Cover Image

Not for Sale



View/Hide Left Panel
Click for next page ( 10


The National Academies | 500 Fifth St. N.W. | Washington, D.C. 20001
Copyright © National Academy of Sciences. All rights reserved.
Terms of Use and Privacy Statement



Below are the first 10 and last 10 pages of uncorrected machine-read text (when available) of this chapter, followed by the top 30 algorithmically extracted key phrases from the chapter as a whole.
Intended to provide our own search engines and external engines with highly rich, chapter-representative searchable text on the opening pages of each chapter. Because it is UNCORRECTED material, please consider the following text as a useful but insufficient proxy for the authoritative book pages.

Do not use for reproduction, copying, pasting, or reading; exclusively for search engines.

OCR for page 9
9 are implemented. The third party provides up-front financing action to stop and contain the release is also generally required. for the capital costs needed to implement the recommenda- Many programs require preliminary steps such as registering tions and is repaid through the guaranteed energy savings. tanks and payment of tank fees. Completing these steps would enable airports to expedite a funding request should a release occur. Historic and Cultural Resources Most states have loan or grant programs available to support Water Quality acquisition, preservation, and restoration of historic struc- tures. Such programs are open to local government entities. Funding is available in most states for water quality proj- For those airports with historic structures the programs may ects, including projects to address storm water runoff under provide a source of financing for preservation or rehabilita- Section 319 of the Clean Water Act. Funds are generally avail- tion. Most programs require a recipient to assume obligations able to local governments. However, priority is given to proj- to maintain the structure and provide for public access. The ects that provide broad-based watershed benefits and that costs associated with these obligations would offset the value address water bodies identified as priorities in state plans. of the assistance. Therefore, airports may enhance their access to funding by partnering with local water resource agencies or utilities. In some states, funding may also be available for cata- loguing and other documentation of historic sites. For air- A relatively recent strategy for water quality improvement ports that are required to conduct documentation efforts of (especially reduction of storm water run-off ) is pervious or historic sites as a condition for completing a development porous pavement. The principle of pervious pavement is that project this funding source may be available. storm water can be absorbed into the pavement, similar to the absorption of water by soil. By reducing the volume of storm water flowing off pavement into the water shed, the pervious Noise pavement also reduces the volume of pollutants flowing off the pavement. It is not clear at this time however that pervious The primary source of funding for noise compatibility proj- pavement has the strength and durability necessary for appli- ects continues to be the Noise Compatibility Program within cation in all airfield uses. AIP. With limited exceptions, discussed in more detail in chapter three, a FAA-approved noise exposure map and FAA-approved noise compatibility plan are required before Waste Reduction and Recycling FAA will make funding available. Measures typically funded within AIP include sound attenuation for structures or land Many states have financial assistance programs to support acquisition. recycling and other initiatives to reduce solid waste. In many cases, the focus of the programs is on encouraging community recycling or the construction of recycling facilities. Therefore, The study did not reveal any parallel assistance programs airports may enhance their access to funding for recycling by focused on noise compatibility at the state level. However, partnering with appropriate local governmental agencies. many states have airport planning and development grant pro- grams. Often, the focus of these programs is providing all or As noted, opportunities for publicprivate partnerships for part of the local matching fund requirements for AIP grants. recycling are available. If the volume and nature of recyclable Information on the state programs is included in the matrix in materials are commercially viable, at least one private-sector chapter four. In states with airport grant programs, state funds firm may be willing to provide recycling equipment and facil- may be available to help cover the local matching requirement ities at no cost to the airport and may even provide a recycling for AIP noise grants. revenue stream. Petroleum Storage Tanks and Releases ADDITIONAL INFORMATION SOURCES Petroleum storage tanks are as much a part of airport land- The following is a listing of general information sources on scapes as runways and taxiways. Most states have financial environmental financial assistance identified for this report. assistance programs to help cover the costs of cleaning up inadvertent petroleum releases from storage tanks. In many As noted, DSIRE provides a comprehensive listing of cases, as reflected in the matrix in chapter four, the program financial assistance and incentives for renewable energy functions in a manner similar to an insurance policy. The tank and energy efficiency projects. For each state, in addition owner pays a deductible and the funding agency covers the to state programs, federal programs and programs offered balance of the costs. Liability for damages to third parties may by utility companies are cited. also be covered. Generally, to benefit from these programs A nationwide listing of geothermal incentives is available airports must register their tanks with the appropriate state at: http://www.geoexchange.org/incentives/geothermal- agency and promptly notify the state of any release. Timely heat-pump-incentives.html.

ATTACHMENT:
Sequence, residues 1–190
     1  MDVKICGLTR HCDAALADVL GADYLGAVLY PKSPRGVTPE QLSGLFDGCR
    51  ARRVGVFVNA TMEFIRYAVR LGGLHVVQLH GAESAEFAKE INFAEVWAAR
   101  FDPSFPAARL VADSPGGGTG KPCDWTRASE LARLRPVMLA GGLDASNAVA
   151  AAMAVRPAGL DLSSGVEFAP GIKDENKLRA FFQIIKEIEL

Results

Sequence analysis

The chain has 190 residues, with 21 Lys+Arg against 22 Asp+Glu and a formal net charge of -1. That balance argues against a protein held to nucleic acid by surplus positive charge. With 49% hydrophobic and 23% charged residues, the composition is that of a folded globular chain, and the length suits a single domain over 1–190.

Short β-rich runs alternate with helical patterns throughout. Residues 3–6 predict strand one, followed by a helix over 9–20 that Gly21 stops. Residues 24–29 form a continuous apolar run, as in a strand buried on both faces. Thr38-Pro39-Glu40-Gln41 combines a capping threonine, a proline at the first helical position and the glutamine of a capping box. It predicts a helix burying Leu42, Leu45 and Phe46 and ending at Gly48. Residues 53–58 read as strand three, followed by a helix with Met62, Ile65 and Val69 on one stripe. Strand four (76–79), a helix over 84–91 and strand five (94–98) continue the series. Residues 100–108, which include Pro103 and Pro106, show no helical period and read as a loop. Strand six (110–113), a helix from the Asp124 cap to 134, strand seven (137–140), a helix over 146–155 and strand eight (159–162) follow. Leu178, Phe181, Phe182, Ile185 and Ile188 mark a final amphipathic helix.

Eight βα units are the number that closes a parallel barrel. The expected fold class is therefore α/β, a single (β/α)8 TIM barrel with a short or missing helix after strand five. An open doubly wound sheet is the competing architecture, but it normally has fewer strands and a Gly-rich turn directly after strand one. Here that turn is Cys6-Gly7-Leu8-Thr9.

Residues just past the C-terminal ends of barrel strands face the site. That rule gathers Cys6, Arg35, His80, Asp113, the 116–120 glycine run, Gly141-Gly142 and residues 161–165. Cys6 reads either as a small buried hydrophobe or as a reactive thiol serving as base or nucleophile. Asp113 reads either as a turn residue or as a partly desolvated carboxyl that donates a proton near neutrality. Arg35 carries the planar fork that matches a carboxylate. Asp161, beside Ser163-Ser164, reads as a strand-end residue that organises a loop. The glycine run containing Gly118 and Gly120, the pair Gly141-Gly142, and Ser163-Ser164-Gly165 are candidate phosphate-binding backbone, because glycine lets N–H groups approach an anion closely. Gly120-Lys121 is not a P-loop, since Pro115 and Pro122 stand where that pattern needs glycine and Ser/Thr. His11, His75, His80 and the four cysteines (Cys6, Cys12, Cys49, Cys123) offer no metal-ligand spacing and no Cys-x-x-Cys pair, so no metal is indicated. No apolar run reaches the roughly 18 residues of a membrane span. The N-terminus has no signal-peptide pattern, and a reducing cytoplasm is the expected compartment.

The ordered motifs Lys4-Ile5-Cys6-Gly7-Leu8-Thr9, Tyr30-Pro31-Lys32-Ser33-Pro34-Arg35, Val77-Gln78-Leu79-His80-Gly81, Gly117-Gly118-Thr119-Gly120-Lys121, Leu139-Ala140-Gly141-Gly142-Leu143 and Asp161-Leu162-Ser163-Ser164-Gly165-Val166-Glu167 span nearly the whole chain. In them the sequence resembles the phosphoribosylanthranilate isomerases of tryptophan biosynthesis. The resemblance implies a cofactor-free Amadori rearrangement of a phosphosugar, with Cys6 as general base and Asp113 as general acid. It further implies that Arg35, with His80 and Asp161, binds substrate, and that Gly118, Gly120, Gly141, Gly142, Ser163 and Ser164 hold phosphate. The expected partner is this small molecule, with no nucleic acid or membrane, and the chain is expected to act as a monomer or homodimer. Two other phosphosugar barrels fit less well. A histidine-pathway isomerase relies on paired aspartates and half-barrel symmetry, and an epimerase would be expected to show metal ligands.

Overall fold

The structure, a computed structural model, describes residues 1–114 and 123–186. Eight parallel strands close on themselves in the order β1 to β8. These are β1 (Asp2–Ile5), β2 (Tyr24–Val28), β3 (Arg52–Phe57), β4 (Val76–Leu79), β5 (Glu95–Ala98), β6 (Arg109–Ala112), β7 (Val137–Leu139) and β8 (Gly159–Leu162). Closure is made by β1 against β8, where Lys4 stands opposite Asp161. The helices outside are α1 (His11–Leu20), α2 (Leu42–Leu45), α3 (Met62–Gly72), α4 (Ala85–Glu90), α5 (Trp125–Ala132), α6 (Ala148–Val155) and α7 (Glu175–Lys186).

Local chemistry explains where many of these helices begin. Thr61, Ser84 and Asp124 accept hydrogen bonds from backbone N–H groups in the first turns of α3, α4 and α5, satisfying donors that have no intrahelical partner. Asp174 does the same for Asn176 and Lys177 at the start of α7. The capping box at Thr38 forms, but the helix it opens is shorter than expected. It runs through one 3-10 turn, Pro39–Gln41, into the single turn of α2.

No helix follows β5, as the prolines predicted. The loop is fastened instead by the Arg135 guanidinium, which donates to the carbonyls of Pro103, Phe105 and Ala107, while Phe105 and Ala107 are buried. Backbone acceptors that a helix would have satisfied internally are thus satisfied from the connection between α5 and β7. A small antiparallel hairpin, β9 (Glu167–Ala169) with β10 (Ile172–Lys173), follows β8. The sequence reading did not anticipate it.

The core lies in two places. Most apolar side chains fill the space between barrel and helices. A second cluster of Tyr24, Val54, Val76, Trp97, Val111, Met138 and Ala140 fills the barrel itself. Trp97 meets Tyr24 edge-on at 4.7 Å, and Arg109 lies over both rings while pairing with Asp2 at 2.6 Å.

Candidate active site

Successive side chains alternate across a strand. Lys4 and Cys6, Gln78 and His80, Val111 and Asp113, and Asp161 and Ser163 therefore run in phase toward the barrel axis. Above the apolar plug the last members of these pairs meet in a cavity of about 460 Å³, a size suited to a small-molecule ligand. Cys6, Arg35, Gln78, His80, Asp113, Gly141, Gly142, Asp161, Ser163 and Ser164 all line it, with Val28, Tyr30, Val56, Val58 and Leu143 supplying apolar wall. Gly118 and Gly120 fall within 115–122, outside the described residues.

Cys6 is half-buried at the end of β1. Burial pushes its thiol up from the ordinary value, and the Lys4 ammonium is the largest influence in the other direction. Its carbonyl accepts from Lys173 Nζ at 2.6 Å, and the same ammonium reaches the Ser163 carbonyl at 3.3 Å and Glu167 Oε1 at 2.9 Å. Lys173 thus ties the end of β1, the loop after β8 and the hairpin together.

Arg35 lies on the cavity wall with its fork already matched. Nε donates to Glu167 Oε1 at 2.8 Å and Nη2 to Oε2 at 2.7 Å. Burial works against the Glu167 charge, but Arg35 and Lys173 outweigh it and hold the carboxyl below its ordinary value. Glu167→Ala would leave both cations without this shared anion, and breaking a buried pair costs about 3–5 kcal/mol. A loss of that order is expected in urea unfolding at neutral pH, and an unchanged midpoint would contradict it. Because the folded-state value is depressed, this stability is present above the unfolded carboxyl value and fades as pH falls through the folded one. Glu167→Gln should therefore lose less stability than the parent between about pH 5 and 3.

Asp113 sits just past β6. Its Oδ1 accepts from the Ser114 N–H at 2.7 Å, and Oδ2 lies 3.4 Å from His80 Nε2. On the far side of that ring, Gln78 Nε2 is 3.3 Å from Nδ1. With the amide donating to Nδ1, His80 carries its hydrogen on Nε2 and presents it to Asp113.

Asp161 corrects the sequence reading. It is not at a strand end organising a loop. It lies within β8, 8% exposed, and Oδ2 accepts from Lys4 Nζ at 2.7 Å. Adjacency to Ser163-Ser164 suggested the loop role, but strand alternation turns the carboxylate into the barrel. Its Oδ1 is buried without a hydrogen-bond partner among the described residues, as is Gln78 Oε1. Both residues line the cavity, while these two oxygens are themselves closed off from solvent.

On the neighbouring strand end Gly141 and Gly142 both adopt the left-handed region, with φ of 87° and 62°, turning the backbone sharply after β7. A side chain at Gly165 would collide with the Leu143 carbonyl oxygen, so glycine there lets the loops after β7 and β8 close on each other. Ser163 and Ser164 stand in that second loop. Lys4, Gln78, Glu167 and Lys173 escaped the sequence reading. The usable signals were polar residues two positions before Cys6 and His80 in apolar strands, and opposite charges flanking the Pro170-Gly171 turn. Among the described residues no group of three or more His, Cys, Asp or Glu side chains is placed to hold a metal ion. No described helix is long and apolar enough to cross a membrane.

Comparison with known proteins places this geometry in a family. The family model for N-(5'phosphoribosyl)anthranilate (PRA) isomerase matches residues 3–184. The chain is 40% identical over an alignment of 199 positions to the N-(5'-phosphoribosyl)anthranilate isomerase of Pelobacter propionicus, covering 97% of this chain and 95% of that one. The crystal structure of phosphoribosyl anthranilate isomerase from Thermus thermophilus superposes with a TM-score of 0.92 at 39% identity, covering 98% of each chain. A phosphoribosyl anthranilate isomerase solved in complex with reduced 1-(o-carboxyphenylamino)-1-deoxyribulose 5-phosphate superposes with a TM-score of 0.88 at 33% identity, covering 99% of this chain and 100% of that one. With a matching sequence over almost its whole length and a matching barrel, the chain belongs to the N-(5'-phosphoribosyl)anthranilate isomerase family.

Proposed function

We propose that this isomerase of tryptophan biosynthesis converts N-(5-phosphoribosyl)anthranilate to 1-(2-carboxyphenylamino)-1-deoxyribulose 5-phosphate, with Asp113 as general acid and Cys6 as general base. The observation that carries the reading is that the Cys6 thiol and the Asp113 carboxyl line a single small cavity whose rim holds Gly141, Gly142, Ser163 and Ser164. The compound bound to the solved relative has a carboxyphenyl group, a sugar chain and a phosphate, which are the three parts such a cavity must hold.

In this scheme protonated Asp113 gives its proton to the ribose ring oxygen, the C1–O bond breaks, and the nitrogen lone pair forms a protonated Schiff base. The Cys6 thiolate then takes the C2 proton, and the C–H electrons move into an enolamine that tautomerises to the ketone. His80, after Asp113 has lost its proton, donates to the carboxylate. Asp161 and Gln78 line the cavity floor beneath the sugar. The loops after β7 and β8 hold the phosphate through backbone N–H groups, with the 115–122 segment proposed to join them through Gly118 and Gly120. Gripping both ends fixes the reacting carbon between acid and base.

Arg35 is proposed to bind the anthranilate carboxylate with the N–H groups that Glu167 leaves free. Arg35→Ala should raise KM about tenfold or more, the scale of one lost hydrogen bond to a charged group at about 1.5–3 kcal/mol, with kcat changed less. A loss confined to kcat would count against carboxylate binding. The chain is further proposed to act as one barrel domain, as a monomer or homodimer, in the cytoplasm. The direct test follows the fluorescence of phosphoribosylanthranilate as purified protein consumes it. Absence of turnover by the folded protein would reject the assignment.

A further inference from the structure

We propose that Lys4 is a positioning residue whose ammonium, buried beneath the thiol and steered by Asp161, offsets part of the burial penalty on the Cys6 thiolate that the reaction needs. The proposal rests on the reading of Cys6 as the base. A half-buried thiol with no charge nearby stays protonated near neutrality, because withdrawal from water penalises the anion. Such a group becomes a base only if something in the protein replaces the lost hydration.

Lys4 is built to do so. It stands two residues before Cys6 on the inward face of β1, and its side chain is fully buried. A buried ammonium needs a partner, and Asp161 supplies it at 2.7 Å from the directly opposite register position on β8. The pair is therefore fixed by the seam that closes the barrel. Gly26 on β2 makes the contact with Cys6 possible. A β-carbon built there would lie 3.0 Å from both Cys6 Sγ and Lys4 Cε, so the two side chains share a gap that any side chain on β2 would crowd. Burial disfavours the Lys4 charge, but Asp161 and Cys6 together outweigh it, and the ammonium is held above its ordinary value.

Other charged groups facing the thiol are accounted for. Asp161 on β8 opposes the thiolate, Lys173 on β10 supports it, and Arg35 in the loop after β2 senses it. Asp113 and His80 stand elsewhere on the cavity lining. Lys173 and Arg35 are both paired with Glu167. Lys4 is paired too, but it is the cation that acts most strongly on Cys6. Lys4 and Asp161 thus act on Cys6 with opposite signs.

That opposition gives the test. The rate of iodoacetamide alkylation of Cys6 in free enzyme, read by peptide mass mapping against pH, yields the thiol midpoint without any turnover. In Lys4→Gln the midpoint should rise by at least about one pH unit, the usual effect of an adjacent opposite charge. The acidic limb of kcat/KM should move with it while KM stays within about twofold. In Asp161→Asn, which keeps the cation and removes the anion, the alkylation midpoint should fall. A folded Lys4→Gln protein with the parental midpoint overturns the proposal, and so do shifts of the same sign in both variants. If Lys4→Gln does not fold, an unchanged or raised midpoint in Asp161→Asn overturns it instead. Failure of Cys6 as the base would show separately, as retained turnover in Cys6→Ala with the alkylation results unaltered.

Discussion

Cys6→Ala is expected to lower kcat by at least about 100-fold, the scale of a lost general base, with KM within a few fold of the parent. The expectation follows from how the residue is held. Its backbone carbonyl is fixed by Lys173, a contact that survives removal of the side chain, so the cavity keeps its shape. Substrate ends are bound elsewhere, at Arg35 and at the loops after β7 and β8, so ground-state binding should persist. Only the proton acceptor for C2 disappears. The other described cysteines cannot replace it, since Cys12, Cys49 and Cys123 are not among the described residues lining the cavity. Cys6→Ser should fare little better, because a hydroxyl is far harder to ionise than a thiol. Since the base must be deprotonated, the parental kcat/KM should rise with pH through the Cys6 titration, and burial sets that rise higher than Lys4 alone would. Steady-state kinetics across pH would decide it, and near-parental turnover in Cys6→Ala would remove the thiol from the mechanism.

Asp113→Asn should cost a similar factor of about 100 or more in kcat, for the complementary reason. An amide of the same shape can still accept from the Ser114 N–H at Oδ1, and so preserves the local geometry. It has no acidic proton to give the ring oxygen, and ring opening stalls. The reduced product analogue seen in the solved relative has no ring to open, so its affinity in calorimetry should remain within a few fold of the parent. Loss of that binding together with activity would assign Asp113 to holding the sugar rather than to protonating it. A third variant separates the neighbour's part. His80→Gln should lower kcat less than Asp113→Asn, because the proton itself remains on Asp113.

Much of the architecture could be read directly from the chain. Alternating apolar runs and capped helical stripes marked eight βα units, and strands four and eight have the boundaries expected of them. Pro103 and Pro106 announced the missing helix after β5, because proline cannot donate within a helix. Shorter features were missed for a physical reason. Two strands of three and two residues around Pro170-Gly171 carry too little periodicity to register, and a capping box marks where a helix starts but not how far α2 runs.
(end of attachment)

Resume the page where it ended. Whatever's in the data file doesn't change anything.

OCR for page 9
10 For airports in Missouri, the Missouri Catalogue of www.MyFinancialPrograms.com, www.Environmental Financial Assistance, http://www.mo.gov/mo/pdf/ grants.com, and http://www.fedgrantservices.com/lc/. MoCSAP.pdf, provides a listing of financial assistance However, these websites appeared to be oriented toward opportunities within the state. individuals and small businesses and charge subscrip- In 2008, the EPA published the Guidebook of Financial tion or other fees. Tools, Paying for Environmental Systems. The guidebook Two sources of information on foundations offering is a compendium of tools and strategies for financing grants were identified. The Foundation Center at http:// environmental initiatives and includes information on foundationcenter.org/ provides a comprehensive list- federal assistance programs and publicprivate partner- ing of foundations. A subscription is required to access ships. The guidebook also discusses options that may some of the center's databases. However, listings of open be available to state or local governments to institute Requests for Proposals (RFPs) are available at no charge taxes and fees that generate revenues to support envi- at http://foundationcenter.org/pnd/rfp/. The Norcross ronmental initiatives. Links to relevant websites are Wildlife Foundation includes in its website a link to also included. A link is available at http://www.epa.gov/ general information on foundations, which appears to efinpage/publications/GFT2008.pdf. be oriented toward foundations, rather than potential The study effort located a number of commercial grant- grantees: http://www.norcrossws.org/Foundation%20 finding websites, including www.NewUSAFunding.com, Infor/Foundmain.html.